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The U.S. Army Corps of Engineers (USACE) and the U.S. Department of Agriculture – Natural Resources Conservation Service (NRCS) invited 14 Federal, State, and regional partners to attend the first meeting of a Leadership Group designed to create a comprehensive watershed management partnership and framework for the Western Lake Erie Basin (WLEB) Study on November 7, 2005 in Defiance, Ohio. This is an appropriate location as Defiance is the geographic center of the WLEB watershed.

The WLEB Charter was agreed to on March 29, 2006, (By Laws ) and the signatories agreed to develop a consensus-based Partnership to pursue the following principles:

The Partnership is committed to collaboration and consensus building – sharing resources and knowledge to link land use to water quality, support ongoing efforts and identify new opportunities to enhance and improve the watershed.

The Partnership will apply watershed-based solutions to local problems and apply local solutions to watershed problems -inclusively empowering and building the capacity of local watershed groups and supporting ongoing efforts.

The Partnership is results oriented – it will define the baseline status of the basin, identify and prioritize science based solutions, responsibly support the implementation of innovative and cooperative projects, monitor and evaluate its actions and support an adaptive management approach.

The Partnership will speak with one voice, promote transparency, encourage participation, be responsive, create awareness, educate and inform.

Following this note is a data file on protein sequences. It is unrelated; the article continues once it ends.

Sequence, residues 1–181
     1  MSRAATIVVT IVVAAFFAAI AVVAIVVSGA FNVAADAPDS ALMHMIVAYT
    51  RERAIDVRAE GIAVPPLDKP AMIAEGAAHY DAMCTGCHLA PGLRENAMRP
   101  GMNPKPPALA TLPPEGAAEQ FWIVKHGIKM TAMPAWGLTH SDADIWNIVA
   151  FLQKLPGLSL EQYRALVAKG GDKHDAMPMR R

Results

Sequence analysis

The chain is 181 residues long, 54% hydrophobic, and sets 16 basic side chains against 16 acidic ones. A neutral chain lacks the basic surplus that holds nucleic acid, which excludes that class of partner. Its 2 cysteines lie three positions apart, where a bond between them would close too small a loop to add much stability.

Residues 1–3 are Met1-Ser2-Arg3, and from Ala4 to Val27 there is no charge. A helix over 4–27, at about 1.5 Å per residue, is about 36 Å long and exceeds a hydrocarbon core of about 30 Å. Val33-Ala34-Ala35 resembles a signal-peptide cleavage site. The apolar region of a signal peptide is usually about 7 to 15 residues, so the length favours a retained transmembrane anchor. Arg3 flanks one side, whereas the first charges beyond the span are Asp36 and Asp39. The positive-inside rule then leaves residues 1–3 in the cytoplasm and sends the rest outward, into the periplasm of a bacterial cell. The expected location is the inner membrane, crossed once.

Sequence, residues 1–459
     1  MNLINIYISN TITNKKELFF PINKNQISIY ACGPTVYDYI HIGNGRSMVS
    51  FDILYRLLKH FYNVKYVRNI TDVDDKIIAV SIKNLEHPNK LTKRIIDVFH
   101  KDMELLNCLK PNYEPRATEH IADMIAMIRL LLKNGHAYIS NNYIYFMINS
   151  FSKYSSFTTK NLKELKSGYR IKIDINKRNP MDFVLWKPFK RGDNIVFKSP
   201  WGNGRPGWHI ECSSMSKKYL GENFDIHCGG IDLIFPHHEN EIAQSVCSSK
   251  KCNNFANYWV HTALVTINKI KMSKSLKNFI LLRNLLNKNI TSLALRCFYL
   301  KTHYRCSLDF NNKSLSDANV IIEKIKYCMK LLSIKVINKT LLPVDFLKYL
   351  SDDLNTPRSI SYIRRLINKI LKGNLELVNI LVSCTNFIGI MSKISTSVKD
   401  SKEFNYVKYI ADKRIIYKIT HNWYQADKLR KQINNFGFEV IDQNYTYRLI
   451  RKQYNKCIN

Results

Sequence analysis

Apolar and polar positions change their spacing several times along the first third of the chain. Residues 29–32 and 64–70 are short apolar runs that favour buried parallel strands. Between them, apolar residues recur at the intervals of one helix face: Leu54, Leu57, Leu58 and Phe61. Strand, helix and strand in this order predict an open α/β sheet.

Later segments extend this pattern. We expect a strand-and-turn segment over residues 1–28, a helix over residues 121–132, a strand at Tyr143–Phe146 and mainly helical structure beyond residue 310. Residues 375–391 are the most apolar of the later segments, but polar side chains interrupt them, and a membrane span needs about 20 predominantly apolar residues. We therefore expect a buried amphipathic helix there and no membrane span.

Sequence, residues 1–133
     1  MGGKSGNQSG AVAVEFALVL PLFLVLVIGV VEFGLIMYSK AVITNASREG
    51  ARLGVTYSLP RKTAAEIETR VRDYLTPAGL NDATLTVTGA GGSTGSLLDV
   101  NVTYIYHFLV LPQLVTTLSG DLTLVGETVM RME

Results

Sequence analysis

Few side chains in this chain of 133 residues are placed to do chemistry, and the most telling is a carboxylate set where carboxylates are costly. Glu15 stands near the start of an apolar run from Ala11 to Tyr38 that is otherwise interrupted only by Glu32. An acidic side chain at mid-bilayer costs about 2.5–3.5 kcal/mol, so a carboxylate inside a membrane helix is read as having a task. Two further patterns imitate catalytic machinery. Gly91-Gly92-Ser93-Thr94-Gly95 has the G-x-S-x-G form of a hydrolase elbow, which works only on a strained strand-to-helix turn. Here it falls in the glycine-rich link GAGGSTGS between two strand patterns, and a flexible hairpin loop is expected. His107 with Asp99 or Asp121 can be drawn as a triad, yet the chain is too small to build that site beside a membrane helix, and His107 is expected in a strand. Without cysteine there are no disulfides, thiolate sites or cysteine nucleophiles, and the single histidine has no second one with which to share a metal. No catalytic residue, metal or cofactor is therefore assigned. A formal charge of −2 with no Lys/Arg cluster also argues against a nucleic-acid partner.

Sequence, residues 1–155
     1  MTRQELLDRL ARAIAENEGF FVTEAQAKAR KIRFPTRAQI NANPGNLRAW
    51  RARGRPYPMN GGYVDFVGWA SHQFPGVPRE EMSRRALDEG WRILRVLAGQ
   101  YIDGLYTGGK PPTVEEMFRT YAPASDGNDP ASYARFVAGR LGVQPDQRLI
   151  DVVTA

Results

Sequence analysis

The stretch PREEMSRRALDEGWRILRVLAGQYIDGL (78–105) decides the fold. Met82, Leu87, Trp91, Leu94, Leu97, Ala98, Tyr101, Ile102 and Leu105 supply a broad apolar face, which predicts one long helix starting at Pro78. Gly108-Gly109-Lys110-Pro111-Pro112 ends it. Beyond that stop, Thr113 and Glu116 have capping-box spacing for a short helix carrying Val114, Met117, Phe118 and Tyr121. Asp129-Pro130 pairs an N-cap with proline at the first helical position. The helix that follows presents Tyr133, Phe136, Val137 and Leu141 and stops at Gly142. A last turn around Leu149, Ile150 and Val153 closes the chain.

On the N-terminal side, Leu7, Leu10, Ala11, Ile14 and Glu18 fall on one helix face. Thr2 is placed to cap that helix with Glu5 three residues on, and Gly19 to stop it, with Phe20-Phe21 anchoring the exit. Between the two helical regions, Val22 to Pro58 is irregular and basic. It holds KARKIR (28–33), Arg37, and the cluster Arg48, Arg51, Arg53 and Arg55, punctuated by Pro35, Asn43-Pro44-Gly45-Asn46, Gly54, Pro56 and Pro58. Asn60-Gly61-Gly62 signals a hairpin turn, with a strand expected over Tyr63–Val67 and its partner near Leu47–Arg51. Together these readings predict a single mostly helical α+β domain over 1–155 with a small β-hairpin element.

The Partnership will provide the structure necessary to coordinate public and private resources across political boundaries to accelerate achievement of environmental goals and support for local conservation initiatives.

The Leadership Committee for the WLEB Partnership is comprised of senior members of their respective organizations. This group oversees the efforts of an Operational Committee and Coordination Teams in four areas: Project Coordination Team, Outreach/Public Education Coordination Team, Resource Coordination Team, and Research & Data Coordination Team.

The WLEB encompasses nearly 6  million acres of land (drained by the Maumee, Portage and Ottawa Rivers), as well as the open waters of Maumee Bay- the region’s gateway to Lake Erie and one of the most biologically diverse, productive and economically important areas of the Great Lakes system.

Western Lake Erie has been recognized for its biodiversity in the North American Waterfowl Management Plan and the United Nations Convention on Biological Diversity. The U.S. Environmental Protection Agency has also identified the western basin as a “Biodiversity Investment Area.” Its outstanding sport fishery (e.g., walleye, perch, smallmouth bass), coupled with substantial recreational boating and commercial navigation activity, speaks to the economic importance of water-based uses in the basin.

The full potential of the resource, however, is compromised by long standing issues associated with point and nonpoint source pollution including phosphorus loads, excessive algae growth, oxygen depletion, sedimentation and dredging requirements, aquatic invasive species impacts and related concerns.


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